Who knew so many streaming options would have us longing for the halcyon days of cable TV?

Tracey Dowdy is a freelance writer based just outside Washington DC. After years working for non-profits and charities, she now freelances, edits and researches on subjects ranging from family and education to history and trends in technology. Follow Tracey on Twitter.


Is It Time to Drop Cable?

By Tracey Dowdy

Are you thinking about cutting the cord? There are pros and cons to keeping and cutting, so before you take the plunge, there are a few things to consider.

COST For most of us, the discussion of whether or not to cancel our cable subscription starts with the rising cost of services. Your cable and internet provider are likely from the same service, and providers commonly bundle their services to appeal to a broader customer base. For example, it’s better for me to subscribe to a monthly phone/cable/internet package than to purchase internet as a standalone service, not only because of cost but because the bundle offers unlimited data. We watch a lot of Hulu, Netflix, and Amazon Prime, and nothing eats up data faster than streaming. You can sometimes negotiate a better rate by calling your provider and threatening to leave, but most price breaks and promotions have an expiration date when the cost bumps up again, sometimes without notice, and you’ll have to start bargain shopping again.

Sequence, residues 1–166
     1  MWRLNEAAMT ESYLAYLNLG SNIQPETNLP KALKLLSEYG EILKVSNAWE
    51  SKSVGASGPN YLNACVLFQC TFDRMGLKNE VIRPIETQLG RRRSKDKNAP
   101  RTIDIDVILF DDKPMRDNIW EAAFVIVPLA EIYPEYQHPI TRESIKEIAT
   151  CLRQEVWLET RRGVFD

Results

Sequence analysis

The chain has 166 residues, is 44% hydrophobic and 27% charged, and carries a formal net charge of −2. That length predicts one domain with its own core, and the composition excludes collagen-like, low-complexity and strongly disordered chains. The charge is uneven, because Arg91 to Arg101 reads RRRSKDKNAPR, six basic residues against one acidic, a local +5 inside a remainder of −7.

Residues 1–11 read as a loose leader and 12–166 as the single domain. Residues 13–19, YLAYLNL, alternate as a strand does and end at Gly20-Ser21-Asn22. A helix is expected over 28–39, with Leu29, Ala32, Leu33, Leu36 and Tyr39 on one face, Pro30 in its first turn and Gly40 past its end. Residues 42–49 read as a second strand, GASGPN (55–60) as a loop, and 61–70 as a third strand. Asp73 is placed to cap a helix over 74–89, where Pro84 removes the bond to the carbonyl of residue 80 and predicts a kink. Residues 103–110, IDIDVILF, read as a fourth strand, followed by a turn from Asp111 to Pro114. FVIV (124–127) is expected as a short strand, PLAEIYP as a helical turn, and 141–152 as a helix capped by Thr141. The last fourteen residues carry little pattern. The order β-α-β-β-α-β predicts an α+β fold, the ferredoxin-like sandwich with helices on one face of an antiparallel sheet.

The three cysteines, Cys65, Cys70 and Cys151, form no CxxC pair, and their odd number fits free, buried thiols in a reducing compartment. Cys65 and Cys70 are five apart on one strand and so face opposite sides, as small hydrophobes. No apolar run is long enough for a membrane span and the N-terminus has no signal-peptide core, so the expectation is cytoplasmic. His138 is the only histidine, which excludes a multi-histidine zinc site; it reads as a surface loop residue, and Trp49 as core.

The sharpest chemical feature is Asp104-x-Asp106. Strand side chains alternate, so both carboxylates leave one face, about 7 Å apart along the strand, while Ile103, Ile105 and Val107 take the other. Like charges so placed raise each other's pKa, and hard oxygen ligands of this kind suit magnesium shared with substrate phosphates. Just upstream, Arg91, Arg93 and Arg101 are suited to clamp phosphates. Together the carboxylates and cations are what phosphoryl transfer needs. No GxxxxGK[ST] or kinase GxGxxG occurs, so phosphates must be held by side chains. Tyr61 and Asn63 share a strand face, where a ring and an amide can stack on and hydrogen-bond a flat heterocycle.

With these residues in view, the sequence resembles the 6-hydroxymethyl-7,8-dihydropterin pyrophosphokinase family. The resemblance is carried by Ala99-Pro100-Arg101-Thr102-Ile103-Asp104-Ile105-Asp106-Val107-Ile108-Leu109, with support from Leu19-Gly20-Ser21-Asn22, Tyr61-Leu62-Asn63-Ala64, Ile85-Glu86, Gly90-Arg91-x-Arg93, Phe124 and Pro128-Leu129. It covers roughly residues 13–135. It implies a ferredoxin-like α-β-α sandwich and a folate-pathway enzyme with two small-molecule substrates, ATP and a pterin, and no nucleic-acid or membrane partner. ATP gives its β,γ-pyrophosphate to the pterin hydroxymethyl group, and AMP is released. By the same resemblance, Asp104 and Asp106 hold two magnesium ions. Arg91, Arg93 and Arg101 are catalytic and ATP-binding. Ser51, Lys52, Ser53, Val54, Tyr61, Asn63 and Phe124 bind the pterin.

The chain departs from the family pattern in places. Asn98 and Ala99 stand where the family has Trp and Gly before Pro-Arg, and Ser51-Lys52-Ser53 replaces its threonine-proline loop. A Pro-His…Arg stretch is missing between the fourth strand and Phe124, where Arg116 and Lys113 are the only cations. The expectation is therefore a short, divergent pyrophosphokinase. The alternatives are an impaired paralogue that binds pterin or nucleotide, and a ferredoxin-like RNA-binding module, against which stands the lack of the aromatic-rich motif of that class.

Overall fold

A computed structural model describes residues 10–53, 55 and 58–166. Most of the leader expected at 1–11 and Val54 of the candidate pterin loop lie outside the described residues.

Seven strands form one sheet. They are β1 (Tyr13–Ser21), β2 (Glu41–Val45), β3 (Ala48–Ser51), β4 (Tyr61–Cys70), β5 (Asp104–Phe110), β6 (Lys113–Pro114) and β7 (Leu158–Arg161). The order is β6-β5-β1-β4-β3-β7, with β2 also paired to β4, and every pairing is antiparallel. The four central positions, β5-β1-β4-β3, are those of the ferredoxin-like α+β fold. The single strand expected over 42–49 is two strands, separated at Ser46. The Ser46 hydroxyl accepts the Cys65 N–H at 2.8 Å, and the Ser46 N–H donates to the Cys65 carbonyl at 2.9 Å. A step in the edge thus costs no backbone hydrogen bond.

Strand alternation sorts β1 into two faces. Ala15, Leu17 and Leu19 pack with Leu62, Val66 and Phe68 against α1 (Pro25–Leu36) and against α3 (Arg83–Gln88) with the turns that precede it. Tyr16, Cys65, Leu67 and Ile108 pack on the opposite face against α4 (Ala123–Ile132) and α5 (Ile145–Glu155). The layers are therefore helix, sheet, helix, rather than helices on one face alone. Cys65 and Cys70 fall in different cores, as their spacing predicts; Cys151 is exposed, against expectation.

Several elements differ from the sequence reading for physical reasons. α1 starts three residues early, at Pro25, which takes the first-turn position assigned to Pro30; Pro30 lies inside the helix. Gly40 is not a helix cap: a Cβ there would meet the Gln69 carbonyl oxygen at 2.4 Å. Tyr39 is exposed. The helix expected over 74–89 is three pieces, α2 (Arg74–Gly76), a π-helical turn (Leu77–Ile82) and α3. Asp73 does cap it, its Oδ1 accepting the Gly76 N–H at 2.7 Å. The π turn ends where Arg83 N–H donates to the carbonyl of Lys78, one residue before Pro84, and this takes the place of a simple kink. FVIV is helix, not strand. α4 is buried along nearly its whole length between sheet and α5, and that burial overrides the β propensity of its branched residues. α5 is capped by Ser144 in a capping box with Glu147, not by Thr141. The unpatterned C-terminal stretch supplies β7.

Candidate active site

NEED At my house, we watch more shows on streaming services than on cable, which is one of the original reasons we looked at canceling cable. But, I’m a hockey fan and adding Sling TV to watch my Penguins comes with a $25/month price tag. My husband is a baseball and football fan, so access to NFL and MLB games means additional subscription fees for each. You can see how quickly any savings are wiped out. The best plan is to sit down, make a list of what you watch, what you can wait for – streaming services don’t always have the latest episodes on-demand – and go from there. Consumer Reports has a great list of streaming services, what they offer and what they cost.

DVR vs. ON DEMAND Live TV streaming services like Sling or HBO Now provide access to content via a “cloud DVR,” but there are limitations. Often, you have to sit through commercials, there’s a cap on the number of shows you can store, content expires, and some channels don’t allow shows to be recorded at all.